Coping With Chronic Illnesses and Depression
Chronic Illness and Depression: Treatment Options
Treatment of depression in chronically ill patients is similar to treatment of depression in other people. Early diagnosis and treatment can reduce distress as well as the risk of complications and suicide for those with chronic illness and depression. In many patients, depression treatment can produce an improvement in the patient’s overall medical condition, a better quality of life, and a greater likelihood of sticking to a long-term treatment plan.
If the depressive symptoms are related to the physical illness or the side effects of medication, treatment may need to be adjusted or changed. When the depression is a separate problem, it can be treated on its own. More than 80% of people with depression can be treated successfully with medicine, psychotherapy, or a combination of both. Antidepressant drugs usually begin to have a positive effect within a matter of weeks. It is important to work closely with a physician or psychiatrist to find the most effective medication.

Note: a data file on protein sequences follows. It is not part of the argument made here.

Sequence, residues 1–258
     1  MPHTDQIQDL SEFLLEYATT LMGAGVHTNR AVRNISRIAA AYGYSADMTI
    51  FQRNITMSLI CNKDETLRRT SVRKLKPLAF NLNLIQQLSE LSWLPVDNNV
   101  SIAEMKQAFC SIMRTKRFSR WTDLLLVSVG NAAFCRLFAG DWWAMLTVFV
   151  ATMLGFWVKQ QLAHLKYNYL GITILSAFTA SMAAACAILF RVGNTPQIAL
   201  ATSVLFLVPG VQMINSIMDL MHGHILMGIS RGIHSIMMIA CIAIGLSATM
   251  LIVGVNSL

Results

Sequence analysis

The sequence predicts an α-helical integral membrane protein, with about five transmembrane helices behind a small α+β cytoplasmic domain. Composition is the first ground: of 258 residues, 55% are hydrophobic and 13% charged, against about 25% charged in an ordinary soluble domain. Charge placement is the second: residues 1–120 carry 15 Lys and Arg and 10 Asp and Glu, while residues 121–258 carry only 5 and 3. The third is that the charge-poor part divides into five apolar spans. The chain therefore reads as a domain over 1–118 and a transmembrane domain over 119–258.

Tips for Coping With Chronic Illnesses and Depression
Depression, disability, and chronic illness form a vicious cycle. Chronic medical conditions can bring on bouts of depression, which, in turn interfere with successful treatment of the disease.
Living with a chronic illness is a tremendous challenge, and periods of grief and sadness are to be expected as you come to grips with your condition and its implications. But if you find that your depression persists or that you are having trouble sleeping or eating or have lost interest in the activities you normally enjoy, it is important to seek help.
Some tips to help you cope with chronic illness and avoid depression:
- Try not to isolate yourself. Reach out to family and friends. If you don’t have a solid support system, take steps to build one. Ask your physician or therapist for referrals to a support group and other community resources.
- Learn as much as you can about your condition. Knowledge is power when it comes to getting the best treatment available and maintaining a sense of autonomy and control.
- Make sure that you have medical support from experts you trust and can talk to openly about your ongoing questions and concerns.
- If you suspect that your medication is causing you to be depressed, consult your doctor about alternative treatments.
- If you are in chronic pain, talk with your physician about alternative pain management.
- As much as is possible, remain engaged in the activities you enjoy. Doing so will keep you connected as well as boost your self-confidence and sense of community.
- If you become depressed, don’t wait too long before seeking help. Find a therapist or counselor whom you trust.